I've been using just Dawn in my dishwasher for some time and Jet Dry for the rinse. Dawn works great & doesn't leave the film that the dishwasher stuff does. I'm going to try the Oxi add-in and see what happens. Thanks!

  6. melfulton says

    Looking foward to trying this. However, has anyone else noticed that using vinegar as a rinse agent seems to turn any aluminum based cookware/pans a darker color? I guess it's not a big deal in the grand scheme of things and it's really on an aesthetic kind of thing, but when i was using vinegar in my dishwashers dispenser, that was the first thing I noticed.

    • Ellen Gardner says

      Washing aluminum in the dishwasher has always oxidized my pans. Try soaking them in a sink full of hot water and some dissolved cream of tartar, about 2 tablespoons. This should brighten them back up. If not, its the steel wool pad and elbow grease, and a lesson learned.

    • mylynn1377 says

      Beware of washing certain pans with vinegar. I actually rusted a muffin pan that way. Plus some of my newer skillets and cookie sheets recommended hand washing as the best option so I never have put them in the dishwasher.

  7. labbie1 says

    Interesting! I think I will try this one. I found that using lemi shine with my regular dishwashing packets has really made a difference in the sparkly effect, but your way seems much more cost effective! Thanks!

    • Jamie says

      Yes! I’ve got uber hard water and the only time my dishes have been spotless (per se) has been with Lemishine. But it costs too much to use all the time. I’m trying this!

  8. The Rusty Ranch says

    I might give this one a go. I've been really down since the last recipe I tried left my dishes filmy and dirty. Now I have a huge batch that I don't know what to do with. Thanks for the "recipe".

    • Betty P says

      The first time I tried the homemade dish washing powder I was not thrilled, but after some more research I found several corrections to make based upon your water and needs. SO here are a few things you could try to “Fix” you batch.
      1.I added salt; this was recommended from a site/commenter to increase the scrubbing power and helps to reduce the film.
      2.You must add lemon-shinee or citric acid (kool aide around 5-10 packets depending on how much you make) this also assist with cutting the film from the dishes and cutting the grease..
      3.Adjust the amount of borax if it was used in your batch, borax has to have very hot water to dissolve well. You can reduce it in your next batch. I reduced it by 1/3
      4.One thing I did…..I measured, I mean really measured the amount I put in the dishwasher I didn’t eye ball it. You will be surprised at how much less you use if you do this. Part 2 to this is you / your water may not need the 2Tbls (one in each compartment) may be you could try to cut it by half and see if it improves.
      5.Add a FEW!!! FEW drops of conventional liquid dish soap in with the homemade auto dish detergent. This was recommended form another site/commenter and I tried it and it worked very well.
      6.Also, for any dis washer to work at its best the hot water temp must be correct check you manufacturers recommendations and adjust your water heater if needed.
      7.Last but by all means not least YOU MUST KEEP IN AIR TIGHT CONTAINTER, otherwise it will get hard and not usable.

      I hope this helps. I will note, when adding liquid dish soap you can not add much or it will overflow, you have been warned!!!

  9. Jen says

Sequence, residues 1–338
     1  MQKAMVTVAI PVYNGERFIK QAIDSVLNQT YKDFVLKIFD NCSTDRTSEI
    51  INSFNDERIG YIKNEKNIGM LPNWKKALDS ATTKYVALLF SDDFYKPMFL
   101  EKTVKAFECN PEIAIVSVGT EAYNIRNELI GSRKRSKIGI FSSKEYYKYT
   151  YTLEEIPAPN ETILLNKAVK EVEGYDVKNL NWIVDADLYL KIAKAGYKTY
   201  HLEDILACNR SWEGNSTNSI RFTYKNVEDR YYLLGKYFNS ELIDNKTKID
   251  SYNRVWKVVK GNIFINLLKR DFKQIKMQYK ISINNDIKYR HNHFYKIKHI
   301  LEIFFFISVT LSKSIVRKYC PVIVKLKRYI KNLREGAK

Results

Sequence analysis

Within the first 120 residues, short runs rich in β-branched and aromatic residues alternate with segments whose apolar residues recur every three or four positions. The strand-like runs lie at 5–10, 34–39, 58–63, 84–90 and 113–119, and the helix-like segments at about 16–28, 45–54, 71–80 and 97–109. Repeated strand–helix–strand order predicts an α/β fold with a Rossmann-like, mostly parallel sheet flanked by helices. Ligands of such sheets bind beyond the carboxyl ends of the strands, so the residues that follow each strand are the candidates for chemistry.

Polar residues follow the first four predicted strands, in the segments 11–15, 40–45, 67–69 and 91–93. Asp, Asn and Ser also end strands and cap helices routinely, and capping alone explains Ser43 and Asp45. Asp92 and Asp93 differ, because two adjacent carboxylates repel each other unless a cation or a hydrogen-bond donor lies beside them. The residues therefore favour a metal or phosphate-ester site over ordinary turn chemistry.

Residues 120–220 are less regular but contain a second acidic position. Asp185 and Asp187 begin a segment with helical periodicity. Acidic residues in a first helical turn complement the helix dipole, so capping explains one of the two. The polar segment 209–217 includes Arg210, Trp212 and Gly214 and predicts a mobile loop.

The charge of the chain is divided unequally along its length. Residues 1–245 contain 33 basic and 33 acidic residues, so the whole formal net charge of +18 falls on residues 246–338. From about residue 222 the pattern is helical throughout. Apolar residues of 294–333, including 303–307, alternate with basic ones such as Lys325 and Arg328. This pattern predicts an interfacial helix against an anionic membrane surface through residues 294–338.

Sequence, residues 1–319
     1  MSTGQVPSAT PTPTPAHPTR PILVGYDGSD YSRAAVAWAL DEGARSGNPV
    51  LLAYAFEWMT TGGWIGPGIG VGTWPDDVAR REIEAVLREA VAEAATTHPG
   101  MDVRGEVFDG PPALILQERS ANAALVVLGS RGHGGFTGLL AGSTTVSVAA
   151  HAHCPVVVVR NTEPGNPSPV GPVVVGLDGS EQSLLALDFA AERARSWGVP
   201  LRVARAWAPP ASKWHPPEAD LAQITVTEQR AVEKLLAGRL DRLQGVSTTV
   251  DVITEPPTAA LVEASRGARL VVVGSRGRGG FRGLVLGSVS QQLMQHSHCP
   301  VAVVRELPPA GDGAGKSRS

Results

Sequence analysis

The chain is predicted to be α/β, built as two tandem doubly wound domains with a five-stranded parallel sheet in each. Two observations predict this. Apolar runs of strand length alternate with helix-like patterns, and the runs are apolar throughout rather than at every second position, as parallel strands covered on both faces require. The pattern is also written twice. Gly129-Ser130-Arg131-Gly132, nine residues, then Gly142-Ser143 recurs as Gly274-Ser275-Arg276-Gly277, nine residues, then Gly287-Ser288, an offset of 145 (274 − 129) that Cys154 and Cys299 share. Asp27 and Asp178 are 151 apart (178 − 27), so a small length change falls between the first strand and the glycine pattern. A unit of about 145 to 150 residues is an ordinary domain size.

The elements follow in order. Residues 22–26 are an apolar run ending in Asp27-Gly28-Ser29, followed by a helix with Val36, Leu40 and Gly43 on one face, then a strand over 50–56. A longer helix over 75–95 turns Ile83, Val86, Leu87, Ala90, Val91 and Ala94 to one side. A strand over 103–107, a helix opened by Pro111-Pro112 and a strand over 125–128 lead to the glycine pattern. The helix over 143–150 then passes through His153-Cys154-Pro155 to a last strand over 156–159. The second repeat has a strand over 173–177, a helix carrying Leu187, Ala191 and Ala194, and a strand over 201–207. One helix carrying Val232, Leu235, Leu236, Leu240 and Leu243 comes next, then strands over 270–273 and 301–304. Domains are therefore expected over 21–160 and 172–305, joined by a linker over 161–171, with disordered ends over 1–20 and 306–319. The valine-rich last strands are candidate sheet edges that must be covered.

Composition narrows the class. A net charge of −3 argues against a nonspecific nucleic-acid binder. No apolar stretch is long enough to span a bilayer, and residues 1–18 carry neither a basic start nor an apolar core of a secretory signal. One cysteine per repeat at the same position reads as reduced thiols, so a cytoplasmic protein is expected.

I am so in love with everything that I have seen so far in your blog. I wish that I could "like" some of the comments (FB spoiled). I will be teaching my daughter this method as she is the child designated to wash dishes. I'll play it off as a science experiment to see if that makes her like washing them a bit more (than not at all). Thank you!

  10. Anonymous says

    This sounds great! My dishwasher has 2 detergent spots…one for the pre-wash and one for the main wash. Should I just not worry about the pre-wash and put this in the main wash dispenser?

    Thanks for all the great ideas!

    • pdasilva says

      I use water softening salt (the kind used in water treatment system). I put a handful in the dispenser as I usually use the tabs and it works great for hard water which we have.(on a well)

  11. Anonymous says

    Does this work better than your homemade dishwasher DETERGENT recipe then? Also, does the vinegar work better in a cup or bowl on the top rack than just putting it in the bottom?

    • Griff says

      The blue dawn works better for cutting grease for some strange reason.
      When I worked in restaurants, it is what we used on the floor in the kitchen to deep scrub.
      Squirt it straight onto the floor, add HOT water, and use a scrub brush on it.
      Squeegee the soapy water into the drain, mop the the entire floor with clean water, then dry mop, and you are done.

      • Cydne says

        Many of the other Dawn soaps are listed as a “hand soap” whereas the blue is a “dishwashing liquid.” Lots have added conditioning ingredients to them. I don’t know what the effect might be on cleaning.

        However, Dawn repeatedly stunk up my dishcloths and my laundry when I used it in my homemade laundry detergent. I did some online research and others had complained about this in the last few years – it seems the problem was only with Dawn and only in areas with hard water. So I tried Palmolive & it has worked just great and everything smells wonderful.

        So I don’t really buy the “blue Dawn” hype anymore, as long as you make sure that you are not getting a “hand soap.”

  12. Anonymous says

    The recipe I use is I cut your liquid homemade laundry soap recipe in 1/4 which makes 3/4 gallon and then I cut down the soap to a 1/4 of a bar and use Ivory instead of felsnaptha then I added 5 packs of lemon koolaid if your water is hard add a little salt to this recipe use vinegar for your rinse and walla I end up with a couple of spots on my glasses but no build up no film and it's less spots than I get with hand washing. I have used this for a month now and love it! I ONLY USE A HALF A TEASPOON.